As you can see once there are more that about 230 replicates, the mean answer seems to settle at a value between 60 and 70.

There’s a trade-off here; more replicates are more accurate, but take more time to produce. Now, I’m a careful type of guy so I think I’ll use 400 replicates so that there’s a buffer against highly randomised data. I’ll use this number of replicates for all future simulations.

I also collected the frequency histograms for all these simulation runs, which I have plotted here in 3D to show how the distributions change with more replicates:

You can see that with a small number of replicates (towards the back of the 3D area) there is no real peak to the distributions, while for larger numbers of replicates (towards the front of the 3D area) there is a definite peak.

I won’t be going into any real statistical analysis of results for the simulations that appear here : I don’t believe they’re really necessary.

 

If you’re interested in writing software, check out my other blog: Coding at The Coal Face

Well, it looks like Word 2007 has a blogging feature. I shall investigate further …

Genetic Drift

April 30, 2007

If you’ve managed to follow all the stuff so far about probability matrices, and random numbers you’ll want to know why we do simulations this way.

The answer is to represent genetic drift.

Genetic Drift is an evolutionary mechanism that doesn’t get as much press coverage as selection (survival of the fittest).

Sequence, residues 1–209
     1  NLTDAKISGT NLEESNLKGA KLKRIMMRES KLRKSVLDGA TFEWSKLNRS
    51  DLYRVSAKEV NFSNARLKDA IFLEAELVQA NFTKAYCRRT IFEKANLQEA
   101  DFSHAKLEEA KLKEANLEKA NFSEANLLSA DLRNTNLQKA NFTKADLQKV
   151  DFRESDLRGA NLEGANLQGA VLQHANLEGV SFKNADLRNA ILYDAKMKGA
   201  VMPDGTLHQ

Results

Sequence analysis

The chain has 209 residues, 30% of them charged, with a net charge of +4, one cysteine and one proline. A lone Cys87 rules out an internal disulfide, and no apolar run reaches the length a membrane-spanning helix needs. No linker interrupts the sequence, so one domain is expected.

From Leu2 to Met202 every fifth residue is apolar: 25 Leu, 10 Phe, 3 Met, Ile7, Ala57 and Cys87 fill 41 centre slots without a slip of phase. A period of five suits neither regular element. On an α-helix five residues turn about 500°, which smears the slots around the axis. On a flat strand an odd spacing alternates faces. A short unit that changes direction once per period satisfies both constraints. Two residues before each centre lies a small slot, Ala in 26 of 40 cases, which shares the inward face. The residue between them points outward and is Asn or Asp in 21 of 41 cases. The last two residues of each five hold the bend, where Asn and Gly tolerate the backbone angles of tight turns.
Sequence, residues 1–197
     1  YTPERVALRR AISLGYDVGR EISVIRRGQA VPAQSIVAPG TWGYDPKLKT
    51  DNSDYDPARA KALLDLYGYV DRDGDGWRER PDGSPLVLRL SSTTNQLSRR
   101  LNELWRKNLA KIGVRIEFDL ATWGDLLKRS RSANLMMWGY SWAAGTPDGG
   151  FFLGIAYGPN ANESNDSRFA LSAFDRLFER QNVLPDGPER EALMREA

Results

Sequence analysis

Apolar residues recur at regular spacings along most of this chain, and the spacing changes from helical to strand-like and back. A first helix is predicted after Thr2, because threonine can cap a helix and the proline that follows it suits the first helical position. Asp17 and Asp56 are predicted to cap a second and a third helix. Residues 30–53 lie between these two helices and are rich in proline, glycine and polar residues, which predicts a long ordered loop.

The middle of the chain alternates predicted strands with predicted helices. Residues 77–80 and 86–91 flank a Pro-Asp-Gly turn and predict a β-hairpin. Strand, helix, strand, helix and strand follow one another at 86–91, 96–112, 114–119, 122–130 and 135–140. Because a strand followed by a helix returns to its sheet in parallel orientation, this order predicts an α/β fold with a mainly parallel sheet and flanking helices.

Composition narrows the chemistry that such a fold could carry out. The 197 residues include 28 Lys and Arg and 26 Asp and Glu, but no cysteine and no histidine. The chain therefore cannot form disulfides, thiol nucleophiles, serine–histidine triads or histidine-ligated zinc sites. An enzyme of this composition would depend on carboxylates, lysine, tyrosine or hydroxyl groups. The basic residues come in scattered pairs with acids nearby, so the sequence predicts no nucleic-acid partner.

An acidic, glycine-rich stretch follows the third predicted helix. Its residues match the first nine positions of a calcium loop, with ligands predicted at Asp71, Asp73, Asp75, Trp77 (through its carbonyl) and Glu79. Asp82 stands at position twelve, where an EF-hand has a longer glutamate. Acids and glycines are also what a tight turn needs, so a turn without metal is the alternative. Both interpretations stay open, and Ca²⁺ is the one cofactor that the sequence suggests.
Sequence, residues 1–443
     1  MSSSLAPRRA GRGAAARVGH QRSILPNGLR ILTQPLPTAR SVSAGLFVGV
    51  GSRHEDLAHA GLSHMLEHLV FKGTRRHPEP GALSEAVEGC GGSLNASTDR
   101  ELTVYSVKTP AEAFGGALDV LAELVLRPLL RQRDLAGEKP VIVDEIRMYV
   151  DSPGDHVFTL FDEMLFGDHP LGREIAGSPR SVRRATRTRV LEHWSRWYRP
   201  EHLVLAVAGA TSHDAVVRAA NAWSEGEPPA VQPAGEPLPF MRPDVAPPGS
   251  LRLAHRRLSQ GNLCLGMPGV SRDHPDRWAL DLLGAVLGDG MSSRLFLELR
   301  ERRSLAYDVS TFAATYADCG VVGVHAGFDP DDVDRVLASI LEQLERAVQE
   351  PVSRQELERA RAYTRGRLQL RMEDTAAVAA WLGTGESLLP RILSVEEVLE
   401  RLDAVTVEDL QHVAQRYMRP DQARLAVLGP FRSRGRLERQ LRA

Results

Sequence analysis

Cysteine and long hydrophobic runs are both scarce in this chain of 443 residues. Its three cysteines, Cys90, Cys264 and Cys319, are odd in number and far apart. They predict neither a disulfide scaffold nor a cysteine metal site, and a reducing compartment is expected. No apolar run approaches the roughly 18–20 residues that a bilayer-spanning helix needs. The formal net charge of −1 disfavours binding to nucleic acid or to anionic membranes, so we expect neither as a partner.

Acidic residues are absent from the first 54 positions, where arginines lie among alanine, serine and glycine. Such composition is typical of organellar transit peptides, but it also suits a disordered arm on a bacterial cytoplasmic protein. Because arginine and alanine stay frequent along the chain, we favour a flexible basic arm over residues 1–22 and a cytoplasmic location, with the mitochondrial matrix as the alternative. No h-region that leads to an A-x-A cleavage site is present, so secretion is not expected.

The reason Genetic Drift doesn’t get as much attention is that it’s a weak force.  It’s also random. However it’s still important.

To explain Genetic Drift I’m going to start with a ‘thought experiment’. So you’ll have to use your imagination.

Imagine you have a large bowl.  Into that bowl you tip 500 red marbles and 500 blue marbles.

Now put on a blindfold and mix up the marbles in the bowl with your hands, being careful not to spill any. Next, keeping the blindfold on, randomly take 100 marbles out of the bowl.  Don’t drop any, and don’t loose count.

Before you take the blindfold off, guess how many red marbles you took out of the bowl.  If you answered “50 red marbles” you might not be correct.

50 red marbles is the predicted number of red marbles you would expect;  half the marbles in the bowl (the total marble population) were red, so you’d expect a random selection of marbles (the sample) to also be half made up of red marbles.

But it’s not that simple.  Because you couldn’t see the marbles you were choosing, the marbles were chosen randomly.  Because the marbles were chosen randomly there’s a chance that the selected marbles (the sample) was not 50/50.  You might have actually selected 51 red marbles and 49 blue, or 43 red marbles and 57 blue.  There’s even a very tiny chance that you could have selected 100 blue marbles.

Now take the 100 marbles you chose and multiply each one by ten, so you have 1000 marbles again.  This is your next generation.  Repeat the blindfold/bowl/random choice bit again.  Now how many red marbles did you select? It’s still probably not 50.  It might be even further away from 50 than last time.  Keep doing this a few hundred times and you could find that the number of red marbles in the bowl changes over time.  It drifts in numbers in a random fashion.